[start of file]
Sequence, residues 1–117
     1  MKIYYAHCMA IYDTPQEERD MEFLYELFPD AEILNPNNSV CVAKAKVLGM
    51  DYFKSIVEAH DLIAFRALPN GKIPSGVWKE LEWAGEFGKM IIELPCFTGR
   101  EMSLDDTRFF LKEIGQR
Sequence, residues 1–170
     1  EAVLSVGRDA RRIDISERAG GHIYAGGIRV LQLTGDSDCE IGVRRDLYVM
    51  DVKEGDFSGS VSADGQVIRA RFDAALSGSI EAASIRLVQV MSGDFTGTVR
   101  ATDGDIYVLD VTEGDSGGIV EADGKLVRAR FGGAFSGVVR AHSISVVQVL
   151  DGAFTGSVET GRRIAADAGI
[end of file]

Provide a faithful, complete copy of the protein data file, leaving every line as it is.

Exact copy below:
Sequence, residues 1–117
     1  MKIYYAHCMA IYDTPQEERD MEFLYELFPD AEILNPNNSV CVAKAKVLGM
    51  DYFKSIVEAH DLIAFRALPN GKIPSGVWKE LEWAGEFGKM IIELPCFTGR
   101  EMSLDDTRFF LKEIGQR
Sequence, residues 1–170
     1  EAVLSVGRDA RRIDISERAG GHIYAGGIRV LQLTGDSDCE IGVRRDLYVM
    51  DVKEGDFSGS VSADGQVIRA RFDAALSGSI EAASIRLVQV MSGDFTGTVR
   101  ATDGDIYVLD VTEGDSGGIV EADGKLVRAR FGGAFSGVVR AHSISVVQVL
   151  DGAFTGSVET GRRIAADAGI